Jessica Lilly Published

Fayette Fracking Waste Permit Granted, National Group Reacts


The Natural Resource Defense Council is disappointed with the state Department of Environmental Protection’s decision to renew a permit for an underground injection well in Fayette County.

The permit allows Danny Webb Construction to accept fluids from oil and gas exploration, development drilling, and production fluids for another five years.

The DEP renewed the permit earlier this month for a class two UIC, or underground injection control disposal well owned by Danny Webb Construction. The permit had expired in 2012. Residents and even former construction workers testified at a public hearing in June 2013 strongly opposing the site.

Upon evaluation DEP workers found a pit filled with fracking water and other waste from oil and gas drilling. The pit was used to help remove sediments from the waste before injecting underground.

The DEP found that the pit or pond above ground does not meet the minimum pit and impoundment standards.

Although the DEP did not find the pit to be leaking, officials say it needs to be upgraded.

Underground Injection Control Permit Reviewer for the DEP Office of Oil and Natural Gas James Peterson told West Virginia Public Radio that the pit needs a leak detection system and a new liner. Peterson says the operator was told to submit a plan to fix the issues with the pit, but never did. Still while the DEP waited on the plan, the operator could continue to accept and inject waste underground in the well.

The Natural Resource Defense Council sent a letter to the DEP the same day our original story aired last month. In the statement, the council urged the department to shut down the wells since Danny Webb Construction was not operating with a valid permit.

Amy Mall is a Senior Policy Analyst with the Natural Resource Defense Council, a national environmental advocacy group.

“This is a site that should already have a plan,” Mall said. “The DEP, its inspectors have determined that there have been multiple violations for years at that site and it’s just unacceptable that they don’t have a plan now. That’s just laughable, really. It’s no way to protect public health and the environment.”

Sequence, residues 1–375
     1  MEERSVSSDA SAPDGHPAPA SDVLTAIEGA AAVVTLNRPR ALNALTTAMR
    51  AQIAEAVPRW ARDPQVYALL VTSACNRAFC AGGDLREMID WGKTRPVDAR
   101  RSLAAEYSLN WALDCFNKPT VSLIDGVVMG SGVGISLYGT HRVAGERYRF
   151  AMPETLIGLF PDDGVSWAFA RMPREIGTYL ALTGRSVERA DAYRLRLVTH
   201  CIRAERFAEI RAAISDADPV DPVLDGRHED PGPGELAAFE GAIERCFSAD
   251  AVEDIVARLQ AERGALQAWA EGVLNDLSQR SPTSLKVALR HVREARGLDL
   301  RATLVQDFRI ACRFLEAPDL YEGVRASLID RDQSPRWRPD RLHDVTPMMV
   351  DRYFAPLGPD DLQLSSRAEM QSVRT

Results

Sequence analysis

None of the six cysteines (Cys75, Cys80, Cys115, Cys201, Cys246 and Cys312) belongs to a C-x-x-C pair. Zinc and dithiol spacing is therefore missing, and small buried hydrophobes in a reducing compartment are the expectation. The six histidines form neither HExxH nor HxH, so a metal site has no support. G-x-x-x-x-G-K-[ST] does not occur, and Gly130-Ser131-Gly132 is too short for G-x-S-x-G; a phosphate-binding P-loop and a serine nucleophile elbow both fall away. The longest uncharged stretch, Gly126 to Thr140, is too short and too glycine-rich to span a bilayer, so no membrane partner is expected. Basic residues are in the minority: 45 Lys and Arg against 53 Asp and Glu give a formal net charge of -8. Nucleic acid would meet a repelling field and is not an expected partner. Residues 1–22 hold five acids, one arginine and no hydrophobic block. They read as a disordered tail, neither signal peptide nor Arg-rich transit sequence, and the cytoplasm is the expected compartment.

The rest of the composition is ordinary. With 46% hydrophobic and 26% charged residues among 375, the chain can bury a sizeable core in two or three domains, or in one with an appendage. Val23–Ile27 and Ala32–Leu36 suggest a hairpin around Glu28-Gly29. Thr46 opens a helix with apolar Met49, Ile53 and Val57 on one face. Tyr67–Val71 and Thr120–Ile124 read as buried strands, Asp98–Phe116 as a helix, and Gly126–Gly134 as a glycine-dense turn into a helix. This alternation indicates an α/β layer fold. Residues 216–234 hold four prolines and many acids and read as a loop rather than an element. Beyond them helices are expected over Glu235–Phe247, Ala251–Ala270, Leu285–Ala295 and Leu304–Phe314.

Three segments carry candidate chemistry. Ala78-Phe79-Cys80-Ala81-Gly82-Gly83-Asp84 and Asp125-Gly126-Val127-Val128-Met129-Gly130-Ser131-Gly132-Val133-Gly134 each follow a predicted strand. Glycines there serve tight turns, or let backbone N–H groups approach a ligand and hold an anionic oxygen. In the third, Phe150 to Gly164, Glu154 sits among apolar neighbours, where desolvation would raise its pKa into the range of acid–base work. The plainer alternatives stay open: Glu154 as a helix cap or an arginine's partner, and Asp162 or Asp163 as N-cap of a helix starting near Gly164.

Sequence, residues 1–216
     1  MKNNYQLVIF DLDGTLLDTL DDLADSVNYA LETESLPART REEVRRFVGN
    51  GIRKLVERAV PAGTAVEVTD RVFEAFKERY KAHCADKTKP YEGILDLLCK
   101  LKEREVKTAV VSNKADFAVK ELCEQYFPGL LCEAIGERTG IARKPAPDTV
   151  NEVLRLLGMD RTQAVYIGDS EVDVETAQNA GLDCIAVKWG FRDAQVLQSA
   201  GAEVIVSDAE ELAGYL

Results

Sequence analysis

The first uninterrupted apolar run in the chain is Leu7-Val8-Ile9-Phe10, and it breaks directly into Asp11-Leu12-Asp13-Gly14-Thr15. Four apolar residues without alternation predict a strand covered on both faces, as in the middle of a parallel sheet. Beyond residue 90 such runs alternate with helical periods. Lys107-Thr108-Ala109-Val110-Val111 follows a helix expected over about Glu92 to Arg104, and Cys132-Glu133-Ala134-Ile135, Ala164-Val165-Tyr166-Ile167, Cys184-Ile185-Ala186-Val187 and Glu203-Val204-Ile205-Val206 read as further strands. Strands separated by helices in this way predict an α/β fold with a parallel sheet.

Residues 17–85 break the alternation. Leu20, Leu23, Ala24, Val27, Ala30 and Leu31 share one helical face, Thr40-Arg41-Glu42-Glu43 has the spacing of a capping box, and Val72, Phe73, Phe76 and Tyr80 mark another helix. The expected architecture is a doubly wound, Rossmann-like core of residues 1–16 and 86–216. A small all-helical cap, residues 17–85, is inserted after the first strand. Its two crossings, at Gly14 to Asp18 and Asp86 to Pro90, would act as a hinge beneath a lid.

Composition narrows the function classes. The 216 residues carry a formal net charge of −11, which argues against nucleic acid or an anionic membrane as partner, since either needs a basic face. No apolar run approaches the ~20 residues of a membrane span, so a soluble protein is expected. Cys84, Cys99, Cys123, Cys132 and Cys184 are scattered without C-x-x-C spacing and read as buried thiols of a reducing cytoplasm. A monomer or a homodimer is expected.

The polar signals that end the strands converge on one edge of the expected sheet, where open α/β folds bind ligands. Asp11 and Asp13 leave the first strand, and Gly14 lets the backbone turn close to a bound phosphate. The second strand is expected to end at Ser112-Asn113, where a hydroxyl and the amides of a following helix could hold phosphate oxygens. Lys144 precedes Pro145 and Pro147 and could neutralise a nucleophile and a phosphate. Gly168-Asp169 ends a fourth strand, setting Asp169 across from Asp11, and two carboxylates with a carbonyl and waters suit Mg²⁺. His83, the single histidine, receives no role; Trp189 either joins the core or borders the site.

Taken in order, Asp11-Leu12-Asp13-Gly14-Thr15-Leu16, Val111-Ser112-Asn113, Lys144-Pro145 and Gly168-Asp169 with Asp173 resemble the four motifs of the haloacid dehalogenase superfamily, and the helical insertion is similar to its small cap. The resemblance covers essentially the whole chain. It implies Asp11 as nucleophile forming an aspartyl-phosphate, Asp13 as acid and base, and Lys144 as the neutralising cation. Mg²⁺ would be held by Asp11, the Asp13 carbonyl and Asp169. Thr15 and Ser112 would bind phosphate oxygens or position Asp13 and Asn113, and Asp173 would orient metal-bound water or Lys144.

In an email, Peterson said the site has only been issued 5 citations or violations in the past 10 years.

Still a permit was granted for the injection well with the condition that the company close the above  ground waste pit.

Residents have spoken out against this well and the waste pond near the well for years.  The NRDC is not the only group that has spoken out in opposition of this site; the Plateau Action Network, West Virginia Highlands Conservancy, and the Sierra Club have also sent letters to the DEP.

Mall says the issues the NRDC takes with this pit in Fayette County is the same for wells across the country. Mall says federal law that governs hazardous waste has a loophole for oil and gas waste that was created in 1980’s through an amendment to the Resource Conservation and Recovery Act.

Mall says a bill introduced this past summer in Washington could help close this loophole. The NRDC is supporting the `CLEANER Act’ or the `Closing Loopholes and Ending Arbitrary and Needless Evasion of Regulations Act of 2013′.

Danny Web Construction currently has another UIC permit under consideration for renewal. It’s currently in the public comment period.  

In the meantime, the DEP is asking the operator to submit an engineered plan to properly close the above ground pond. 

This pit and the well have received waste from Pennsylvania, Virginia and other parts of West Virginia.

The DEP says there are 54 non-commercial and 17 commercial disposal wells in the state as of late last year.

Danny Webb Construction did not immediately return our request for comment.

Jessica Lilly can be reached at 304.384.5981, or by email You can also follow her on twitter: @WVJessicaYLilly.

For updates from West Virginia Public Broadcasting’s statewide news team, follow @wvpubnews.